- ‘Star Trek: Discovery’ delivers a powerfully political episode Thursday 8:30 PM
- Bowser is taking over Nintendo—and the memes make themselves Thursday 7:02 PM
- California aims to strengthen data breach notification law Thursday 5:37 PM
- Feds say college student operated drug business through gaming app Thursday 4:36 PM
- Trump is again using old videos to claim his border wall is ‘under construction Thursday 4:05 PM
- Laura Loomer led a second protest at Twitter yesterday Thursday 3:37 PM
- The eyes have it in these ‘Alita: Battle Angel’ memes Thursday 2:13 PM
- Facebook let advertisers target users interested in infamous Nazis Thursday 1:58 PM
- Dem senator promises to put net neutrality on the ‘political hot seat’ in coming months Thursday 1:28 PM
- Someone figured out that Toothless from ‘How to Train Your Dragon’ looks just like Bulbasaur Thursday 12:44 PM
- Disturbing Snapchat video shows 17-year-old throwing dog on trampoline Thursday 12:16 PM
- How to watch the new Bon Appetit channel for free Thursday 12:03 PM
- Eminem disses Netflix for canceling ‘The Punisher’ Thursday 11:50 AM
- Florida prisons sued for depriving inmates of music they paid for Thursday 11:36 AM
- Chris Hemsworth will become Hulk Hogan for Netflix biopic Thursday 11:29 AM
The future is now.
Terrestrial traffic jams could soon become a thing of the past. Commercial and personal aircraft maker Airbus is working on a prototype self-piloted flying car that could be ready before the end of the year.
“We are in an experimentation phase, we take this development very seriously,” Airbus CEO Tom Enders said at a digital tech conference in Munich this week. Airbus has a division called Urban Air Mobility that is exploring this technology, particularly as traffic becomes an increasing problem in urban areas (especially in “megacities” such as Los Angeles, New York, and London).
Rather than everyone owning a car that transforms into an airplane, Airbus is looking at ideas that are similar to today’s ride-hailing schemes. That is, you’d be able to book a personal or multiple-rider aircraft via an app to help you soar over traffic congestion below. The technology would “have to be clean,” Enders noted, in order to avoid additional pollution in metropolitan areas. He said that a prototype for single-person transport would be ready before the end of the year.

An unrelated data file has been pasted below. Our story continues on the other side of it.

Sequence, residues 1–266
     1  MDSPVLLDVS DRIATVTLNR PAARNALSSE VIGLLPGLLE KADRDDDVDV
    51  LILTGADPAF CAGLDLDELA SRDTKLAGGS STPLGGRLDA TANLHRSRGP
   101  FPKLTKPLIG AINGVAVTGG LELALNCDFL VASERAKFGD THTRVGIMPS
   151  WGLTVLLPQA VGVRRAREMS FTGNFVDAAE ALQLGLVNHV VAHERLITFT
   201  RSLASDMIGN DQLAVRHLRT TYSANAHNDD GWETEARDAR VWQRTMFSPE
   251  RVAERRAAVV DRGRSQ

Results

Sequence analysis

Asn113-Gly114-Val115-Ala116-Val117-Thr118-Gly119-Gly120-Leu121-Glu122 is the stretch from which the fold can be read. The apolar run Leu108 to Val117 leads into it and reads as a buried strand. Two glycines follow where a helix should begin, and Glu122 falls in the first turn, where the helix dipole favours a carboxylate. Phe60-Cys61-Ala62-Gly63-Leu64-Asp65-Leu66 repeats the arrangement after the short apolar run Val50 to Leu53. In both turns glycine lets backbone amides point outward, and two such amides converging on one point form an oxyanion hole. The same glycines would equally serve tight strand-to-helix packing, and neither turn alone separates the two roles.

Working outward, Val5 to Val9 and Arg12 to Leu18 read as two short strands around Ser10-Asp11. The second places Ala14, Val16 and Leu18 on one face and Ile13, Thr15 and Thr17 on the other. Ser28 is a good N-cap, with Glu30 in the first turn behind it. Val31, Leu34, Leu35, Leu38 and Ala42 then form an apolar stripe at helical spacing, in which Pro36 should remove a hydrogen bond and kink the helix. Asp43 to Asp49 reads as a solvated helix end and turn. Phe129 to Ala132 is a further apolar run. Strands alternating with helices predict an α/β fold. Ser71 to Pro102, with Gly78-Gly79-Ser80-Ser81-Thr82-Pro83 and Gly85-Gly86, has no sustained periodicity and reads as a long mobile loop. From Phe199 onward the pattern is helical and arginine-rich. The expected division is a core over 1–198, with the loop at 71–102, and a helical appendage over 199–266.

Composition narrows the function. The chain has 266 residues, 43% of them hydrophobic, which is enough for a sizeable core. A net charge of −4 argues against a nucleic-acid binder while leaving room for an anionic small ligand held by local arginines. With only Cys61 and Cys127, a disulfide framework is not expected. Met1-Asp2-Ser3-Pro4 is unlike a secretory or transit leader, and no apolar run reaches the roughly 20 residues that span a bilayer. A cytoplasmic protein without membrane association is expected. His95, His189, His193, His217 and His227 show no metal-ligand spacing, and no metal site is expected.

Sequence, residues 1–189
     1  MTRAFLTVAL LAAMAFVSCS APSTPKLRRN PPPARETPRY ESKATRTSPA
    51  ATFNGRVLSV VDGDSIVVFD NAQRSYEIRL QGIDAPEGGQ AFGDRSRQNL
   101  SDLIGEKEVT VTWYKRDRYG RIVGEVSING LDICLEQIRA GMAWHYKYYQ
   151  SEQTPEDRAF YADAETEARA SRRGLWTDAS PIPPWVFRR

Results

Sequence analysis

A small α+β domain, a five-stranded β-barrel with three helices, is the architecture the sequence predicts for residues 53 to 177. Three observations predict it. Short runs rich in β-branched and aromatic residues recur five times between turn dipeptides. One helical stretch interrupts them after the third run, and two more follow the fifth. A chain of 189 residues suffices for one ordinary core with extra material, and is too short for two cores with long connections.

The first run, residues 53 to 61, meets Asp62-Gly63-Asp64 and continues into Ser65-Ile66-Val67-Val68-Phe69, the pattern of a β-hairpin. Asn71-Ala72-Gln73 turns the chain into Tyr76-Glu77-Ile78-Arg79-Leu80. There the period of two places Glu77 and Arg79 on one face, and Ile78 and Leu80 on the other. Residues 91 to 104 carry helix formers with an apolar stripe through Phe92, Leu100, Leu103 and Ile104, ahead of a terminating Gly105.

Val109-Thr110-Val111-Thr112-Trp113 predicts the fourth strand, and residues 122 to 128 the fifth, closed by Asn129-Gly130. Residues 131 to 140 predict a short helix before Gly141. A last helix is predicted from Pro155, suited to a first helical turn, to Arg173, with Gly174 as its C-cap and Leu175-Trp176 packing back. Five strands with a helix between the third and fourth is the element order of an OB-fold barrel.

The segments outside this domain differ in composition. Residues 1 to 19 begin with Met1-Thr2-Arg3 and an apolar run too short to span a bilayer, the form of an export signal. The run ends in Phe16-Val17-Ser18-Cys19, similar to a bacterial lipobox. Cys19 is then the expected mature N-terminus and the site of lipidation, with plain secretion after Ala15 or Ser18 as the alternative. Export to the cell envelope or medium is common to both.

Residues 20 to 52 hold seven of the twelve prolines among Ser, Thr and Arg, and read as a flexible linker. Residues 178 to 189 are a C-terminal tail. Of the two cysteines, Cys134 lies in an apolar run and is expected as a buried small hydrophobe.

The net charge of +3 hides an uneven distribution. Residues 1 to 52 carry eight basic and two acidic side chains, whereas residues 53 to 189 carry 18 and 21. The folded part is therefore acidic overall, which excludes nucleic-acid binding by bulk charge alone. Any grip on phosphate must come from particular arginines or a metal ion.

Airbus certainly isn’t the first to tackle the idea of a flying car. Long the subject of science fiction lore (hello, DeLorean), there are a handful of flying car prototypes that exist—and actually work—today. Aeromobil, which began flight tests back in 2014 and debuted its third-generation prototype in 2016, is one of the better known examples. According to its website, it could be ready to ship in the next few years.
However, Airbus’ idea for implementing flying cars seems to avoid some of the pitfalls that might otherwise hinder adoption if these vehicles followed a car model. That is, as more of an Uber or taxi, the company would have control over who flies its aircraft, ensuring pilots are experienced, vetted, and not idiots. If any old Joe could buy one, well, people have enough problems safely driving their cars on roadways before factoring in things like takeoffs, landings, and a third dimension of navigating. (And heck, with the level of autopilot on aircraft as it is, combined with driverless car technology, perhaps a driver would barely be needed at all.) Airbus could also likely work with cities or airports to develop bus-style stations where you can order one of these vehicles and then soar off to the other side of town.
While a future of sky Ubers is still a ways off, it will be interesting to see what Airbus, and other flying car makers, eventually come up with.
Christina Bonnington is a tech reporter who specializes in consumer gadgets, apps, and the trends shaping the technology industry. Her work has also appeared in Gizmodo, Wired, Refinery29, Slate, Bicycling, and Outside Magazine. She is based in the San Francisco Bay Area and has a background in electrical engineering.